For Vesce, the 2016-2017 basketball season was hectic. As a member of the Honey Bees -- the official dance team of the Charlotte Hornets -- she balanced practice sessions, games, and official events with a modeling career and preparing for the Law School Admission Test (LSAT). When she suddenly experienced hearing loss and ringing in her ears in December 2016, she brushed it off as the effects of stress.
“It was just really random and came on just like that,” said Vesce, 24. “I’ve never truly been sick in my life and never had an ear infection, so I didn’t think much about it at the time.”
But the symptoms seemed to progress, and she started getting migraines, so Vesce turned to a local urgent care center for answers. She was diagnosed with an ear infection and sent home with antibiotics. By February, her symptoms had gotten worse and included dizziness and swollen lymph nodes. She still danced with the Honey Bees but struggled to hear the music.
Vesce finally went to an ear, nose, and throat (ENT) doctor, who continued medication for a few weeks. When her condition had not improved several weeks later, the doctor sent her for a CT scan. In March, as Vesce drove home from taking her LSAT, she received a call from the doctor. The scan had revealed a mass on her skull.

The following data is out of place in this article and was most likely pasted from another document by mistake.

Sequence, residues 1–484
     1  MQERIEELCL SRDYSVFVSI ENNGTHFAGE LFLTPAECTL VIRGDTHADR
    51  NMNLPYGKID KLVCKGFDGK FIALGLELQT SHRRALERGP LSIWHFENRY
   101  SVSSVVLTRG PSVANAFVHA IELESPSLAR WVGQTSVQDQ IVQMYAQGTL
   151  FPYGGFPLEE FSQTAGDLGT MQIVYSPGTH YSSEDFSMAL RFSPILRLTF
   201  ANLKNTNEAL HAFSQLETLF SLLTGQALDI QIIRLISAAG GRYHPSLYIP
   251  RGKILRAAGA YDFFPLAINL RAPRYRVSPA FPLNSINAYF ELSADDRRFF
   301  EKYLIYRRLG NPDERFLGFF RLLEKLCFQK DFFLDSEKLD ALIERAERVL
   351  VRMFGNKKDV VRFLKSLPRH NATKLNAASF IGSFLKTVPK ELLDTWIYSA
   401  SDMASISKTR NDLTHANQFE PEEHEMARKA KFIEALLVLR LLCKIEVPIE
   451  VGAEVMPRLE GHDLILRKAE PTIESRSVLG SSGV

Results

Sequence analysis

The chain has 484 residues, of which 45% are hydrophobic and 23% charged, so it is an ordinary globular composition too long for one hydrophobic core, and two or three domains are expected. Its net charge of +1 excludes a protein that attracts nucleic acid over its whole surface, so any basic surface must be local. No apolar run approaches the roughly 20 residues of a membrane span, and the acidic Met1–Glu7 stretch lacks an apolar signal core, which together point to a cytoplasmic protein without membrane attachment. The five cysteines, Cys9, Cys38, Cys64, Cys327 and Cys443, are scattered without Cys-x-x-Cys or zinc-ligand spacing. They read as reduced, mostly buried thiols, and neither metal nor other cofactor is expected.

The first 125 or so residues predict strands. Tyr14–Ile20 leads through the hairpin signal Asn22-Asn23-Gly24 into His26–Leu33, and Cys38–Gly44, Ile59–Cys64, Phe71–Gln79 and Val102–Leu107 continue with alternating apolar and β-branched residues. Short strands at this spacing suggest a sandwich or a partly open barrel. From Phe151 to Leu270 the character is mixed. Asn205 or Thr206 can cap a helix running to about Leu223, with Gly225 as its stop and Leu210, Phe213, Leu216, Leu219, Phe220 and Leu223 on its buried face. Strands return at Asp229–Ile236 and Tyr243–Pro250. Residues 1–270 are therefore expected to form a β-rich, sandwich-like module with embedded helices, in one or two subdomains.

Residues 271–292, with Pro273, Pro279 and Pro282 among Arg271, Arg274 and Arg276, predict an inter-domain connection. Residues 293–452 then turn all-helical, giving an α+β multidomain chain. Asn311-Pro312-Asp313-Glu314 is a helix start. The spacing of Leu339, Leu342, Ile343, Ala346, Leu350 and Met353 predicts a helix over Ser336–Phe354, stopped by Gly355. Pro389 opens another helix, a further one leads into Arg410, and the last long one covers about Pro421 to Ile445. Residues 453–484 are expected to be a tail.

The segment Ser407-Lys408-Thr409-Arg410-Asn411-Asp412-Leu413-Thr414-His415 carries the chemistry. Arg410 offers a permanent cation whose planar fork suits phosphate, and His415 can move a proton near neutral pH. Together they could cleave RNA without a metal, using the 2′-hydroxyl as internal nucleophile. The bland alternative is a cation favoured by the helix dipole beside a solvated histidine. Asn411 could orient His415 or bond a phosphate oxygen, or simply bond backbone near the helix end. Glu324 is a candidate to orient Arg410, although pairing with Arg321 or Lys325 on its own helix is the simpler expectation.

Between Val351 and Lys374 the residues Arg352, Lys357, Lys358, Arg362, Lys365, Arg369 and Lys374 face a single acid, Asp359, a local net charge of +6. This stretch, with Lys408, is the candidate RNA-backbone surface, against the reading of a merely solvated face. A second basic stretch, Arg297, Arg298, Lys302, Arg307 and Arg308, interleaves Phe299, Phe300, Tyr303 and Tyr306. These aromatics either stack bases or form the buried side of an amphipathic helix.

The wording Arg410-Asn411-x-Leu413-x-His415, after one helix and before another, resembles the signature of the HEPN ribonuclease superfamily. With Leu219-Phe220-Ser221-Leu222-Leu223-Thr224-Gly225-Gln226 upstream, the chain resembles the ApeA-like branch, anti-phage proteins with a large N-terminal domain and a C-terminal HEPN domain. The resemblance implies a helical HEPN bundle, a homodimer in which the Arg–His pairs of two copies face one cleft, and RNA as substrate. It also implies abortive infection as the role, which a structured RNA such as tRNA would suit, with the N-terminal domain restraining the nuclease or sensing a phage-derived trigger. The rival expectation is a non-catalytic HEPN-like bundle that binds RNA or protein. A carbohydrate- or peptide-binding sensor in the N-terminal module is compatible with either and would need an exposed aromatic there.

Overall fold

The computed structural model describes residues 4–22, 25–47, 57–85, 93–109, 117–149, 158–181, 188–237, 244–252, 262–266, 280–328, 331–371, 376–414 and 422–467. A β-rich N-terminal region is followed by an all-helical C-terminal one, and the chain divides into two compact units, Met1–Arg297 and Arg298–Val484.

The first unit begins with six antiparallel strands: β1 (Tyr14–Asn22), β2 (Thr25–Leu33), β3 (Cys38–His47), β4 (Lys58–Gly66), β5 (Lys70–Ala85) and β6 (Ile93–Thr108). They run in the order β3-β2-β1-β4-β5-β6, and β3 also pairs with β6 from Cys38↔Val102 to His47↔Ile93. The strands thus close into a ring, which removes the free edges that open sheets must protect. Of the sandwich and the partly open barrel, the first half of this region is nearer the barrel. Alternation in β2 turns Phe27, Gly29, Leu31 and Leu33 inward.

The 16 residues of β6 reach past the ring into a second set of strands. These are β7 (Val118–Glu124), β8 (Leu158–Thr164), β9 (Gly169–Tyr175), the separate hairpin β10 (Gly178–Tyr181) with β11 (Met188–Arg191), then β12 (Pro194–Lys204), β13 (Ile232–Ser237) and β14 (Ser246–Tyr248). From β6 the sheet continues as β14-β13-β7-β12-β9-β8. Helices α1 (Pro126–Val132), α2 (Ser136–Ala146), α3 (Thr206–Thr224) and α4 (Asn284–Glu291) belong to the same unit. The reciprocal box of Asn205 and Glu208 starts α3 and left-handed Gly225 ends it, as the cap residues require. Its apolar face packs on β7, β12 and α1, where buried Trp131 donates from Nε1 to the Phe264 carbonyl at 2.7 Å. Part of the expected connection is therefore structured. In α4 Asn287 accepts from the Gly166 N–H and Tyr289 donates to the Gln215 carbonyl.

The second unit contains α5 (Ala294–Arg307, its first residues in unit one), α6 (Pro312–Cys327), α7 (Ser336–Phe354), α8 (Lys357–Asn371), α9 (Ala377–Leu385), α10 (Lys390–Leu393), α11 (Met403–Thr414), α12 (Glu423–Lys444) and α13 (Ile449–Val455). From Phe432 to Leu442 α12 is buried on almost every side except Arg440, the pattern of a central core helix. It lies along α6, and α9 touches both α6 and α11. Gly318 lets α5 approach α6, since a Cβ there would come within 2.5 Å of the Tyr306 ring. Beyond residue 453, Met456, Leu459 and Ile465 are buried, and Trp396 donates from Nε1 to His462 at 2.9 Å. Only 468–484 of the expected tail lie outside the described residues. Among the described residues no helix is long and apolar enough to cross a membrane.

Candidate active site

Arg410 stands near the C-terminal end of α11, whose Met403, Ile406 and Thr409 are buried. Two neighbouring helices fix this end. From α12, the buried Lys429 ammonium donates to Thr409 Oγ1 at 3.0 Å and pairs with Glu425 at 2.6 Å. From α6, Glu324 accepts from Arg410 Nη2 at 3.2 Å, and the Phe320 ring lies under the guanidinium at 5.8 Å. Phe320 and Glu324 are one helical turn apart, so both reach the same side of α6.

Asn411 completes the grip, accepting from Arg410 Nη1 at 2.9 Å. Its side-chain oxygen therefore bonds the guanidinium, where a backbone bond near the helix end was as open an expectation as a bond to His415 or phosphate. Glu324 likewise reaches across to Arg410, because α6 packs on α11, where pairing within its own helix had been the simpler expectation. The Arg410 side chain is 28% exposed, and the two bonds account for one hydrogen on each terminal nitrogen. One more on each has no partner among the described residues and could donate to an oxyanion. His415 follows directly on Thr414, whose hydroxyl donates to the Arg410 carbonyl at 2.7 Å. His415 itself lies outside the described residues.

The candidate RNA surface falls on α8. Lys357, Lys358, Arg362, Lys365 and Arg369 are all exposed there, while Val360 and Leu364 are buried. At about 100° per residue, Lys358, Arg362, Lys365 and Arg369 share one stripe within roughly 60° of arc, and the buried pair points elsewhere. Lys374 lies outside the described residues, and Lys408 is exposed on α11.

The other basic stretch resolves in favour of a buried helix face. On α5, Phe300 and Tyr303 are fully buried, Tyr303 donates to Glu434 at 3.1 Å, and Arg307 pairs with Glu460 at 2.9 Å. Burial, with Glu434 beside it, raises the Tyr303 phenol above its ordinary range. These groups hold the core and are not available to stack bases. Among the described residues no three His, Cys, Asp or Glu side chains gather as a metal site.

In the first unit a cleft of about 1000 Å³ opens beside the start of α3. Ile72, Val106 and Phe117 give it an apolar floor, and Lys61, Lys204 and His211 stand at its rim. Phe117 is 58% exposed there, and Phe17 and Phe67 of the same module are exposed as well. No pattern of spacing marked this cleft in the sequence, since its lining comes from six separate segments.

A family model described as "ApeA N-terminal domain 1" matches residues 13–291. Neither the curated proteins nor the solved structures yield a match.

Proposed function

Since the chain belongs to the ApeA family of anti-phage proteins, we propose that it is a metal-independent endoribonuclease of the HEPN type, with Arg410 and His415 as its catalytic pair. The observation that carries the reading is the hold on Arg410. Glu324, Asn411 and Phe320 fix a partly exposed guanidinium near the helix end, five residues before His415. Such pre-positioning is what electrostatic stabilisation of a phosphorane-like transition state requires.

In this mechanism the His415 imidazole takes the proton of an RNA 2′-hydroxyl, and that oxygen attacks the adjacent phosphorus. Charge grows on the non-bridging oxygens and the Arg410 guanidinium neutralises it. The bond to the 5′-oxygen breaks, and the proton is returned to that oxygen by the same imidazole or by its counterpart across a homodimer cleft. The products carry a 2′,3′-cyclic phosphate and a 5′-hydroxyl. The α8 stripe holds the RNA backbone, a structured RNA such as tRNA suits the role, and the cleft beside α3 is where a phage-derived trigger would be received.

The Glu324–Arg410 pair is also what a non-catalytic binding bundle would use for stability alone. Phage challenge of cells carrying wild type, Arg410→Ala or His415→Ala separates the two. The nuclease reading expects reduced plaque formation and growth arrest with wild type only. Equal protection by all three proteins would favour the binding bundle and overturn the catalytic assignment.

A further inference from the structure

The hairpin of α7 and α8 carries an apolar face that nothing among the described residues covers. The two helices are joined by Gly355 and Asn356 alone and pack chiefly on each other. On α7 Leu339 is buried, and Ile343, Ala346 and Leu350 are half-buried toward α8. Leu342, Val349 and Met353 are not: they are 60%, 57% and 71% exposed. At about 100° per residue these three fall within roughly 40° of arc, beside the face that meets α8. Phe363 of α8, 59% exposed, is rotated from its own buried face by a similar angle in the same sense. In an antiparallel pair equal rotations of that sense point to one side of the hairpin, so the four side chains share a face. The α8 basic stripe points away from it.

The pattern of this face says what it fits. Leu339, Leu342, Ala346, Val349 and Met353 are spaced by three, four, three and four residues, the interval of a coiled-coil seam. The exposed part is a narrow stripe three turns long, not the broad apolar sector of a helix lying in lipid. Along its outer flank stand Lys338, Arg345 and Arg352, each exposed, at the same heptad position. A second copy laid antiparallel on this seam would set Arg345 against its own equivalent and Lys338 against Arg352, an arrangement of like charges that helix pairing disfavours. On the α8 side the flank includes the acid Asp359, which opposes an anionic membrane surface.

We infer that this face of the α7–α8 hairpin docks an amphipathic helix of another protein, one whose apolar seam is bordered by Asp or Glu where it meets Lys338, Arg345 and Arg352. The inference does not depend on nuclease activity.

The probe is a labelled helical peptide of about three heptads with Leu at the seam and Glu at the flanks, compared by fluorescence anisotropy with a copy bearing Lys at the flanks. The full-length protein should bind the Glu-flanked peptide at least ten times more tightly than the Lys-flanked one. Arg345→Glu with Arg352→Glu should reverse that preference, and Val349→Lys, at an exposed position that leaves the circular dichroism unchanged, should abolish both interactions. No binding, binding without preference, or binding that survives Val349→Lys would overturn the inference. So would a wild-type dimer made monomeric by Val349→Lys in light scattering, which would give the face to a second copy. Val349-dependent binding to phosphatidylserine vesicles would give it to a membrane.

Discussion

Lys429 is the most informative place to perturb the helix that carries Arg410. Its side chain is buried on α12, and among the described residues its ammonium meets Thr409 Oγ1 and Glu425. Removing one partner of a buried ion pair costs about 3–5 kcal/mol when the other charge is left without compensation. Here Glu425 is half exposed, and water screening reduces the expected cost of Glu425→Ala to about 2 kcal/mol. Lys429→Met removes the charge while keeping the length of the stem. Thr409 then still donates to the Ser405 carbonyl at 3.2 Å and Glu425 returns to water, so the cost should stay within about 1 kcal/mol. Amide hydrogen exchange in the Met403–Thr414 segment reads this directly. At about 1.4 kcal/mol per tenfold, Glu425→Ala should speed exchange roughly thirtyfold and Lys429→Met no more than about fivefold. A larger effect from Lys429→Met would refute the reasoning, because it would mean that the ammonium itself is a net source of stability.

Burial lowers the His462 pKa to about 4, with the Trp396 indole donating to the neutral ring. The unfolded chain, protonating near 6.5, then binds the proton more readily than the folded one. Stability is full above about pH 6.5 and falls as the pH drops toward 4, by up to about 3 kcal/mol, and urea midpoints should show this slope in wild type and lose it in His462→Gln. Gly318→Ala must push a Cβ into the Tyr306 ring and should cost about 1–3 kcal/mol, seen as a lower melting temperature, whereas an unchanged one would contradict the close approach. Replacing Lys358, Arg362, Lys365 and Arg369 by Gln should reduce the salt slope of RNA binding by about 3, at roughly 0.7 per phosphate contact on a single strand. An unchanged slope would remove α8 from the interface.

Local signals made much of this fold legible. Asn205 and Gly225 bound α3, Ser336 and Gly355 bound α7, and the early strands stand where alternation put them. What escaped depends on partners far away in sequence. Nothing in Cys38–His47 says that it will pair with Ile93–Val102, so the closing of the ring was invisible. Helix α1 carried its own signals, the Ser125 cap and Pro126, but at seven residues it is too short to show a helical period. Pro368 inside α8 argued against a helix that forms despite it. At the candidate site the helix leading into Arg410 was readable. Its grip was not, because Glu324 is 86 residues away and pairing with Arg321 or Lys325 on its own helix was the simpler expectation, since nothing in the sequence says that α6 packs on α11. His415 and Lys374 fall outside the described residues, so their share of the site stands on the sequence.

Vesce was referred to Duke ENT specialist David Kaylie, MD, MS, who is a head and neck surgeon. He knew exactly what was wrong: Vesce had a glomus jugulare tumor -- an extremely rare type of skull base tumor deep in the base of the skull. Though benign, the tumor was dangerously close to the nerves that control swallowing, hearing, balance, facial movement, and vocal cord function. As the tumor grew, it could damage any, or all, of those functions.
These types of skull base tumors grow in multiple places within the head and neck, so Kaylie ordered an MRI. The test revealed a second tumor wrapped around Vesce’s carotid artery, the blood vessel that supplies blood to the brain.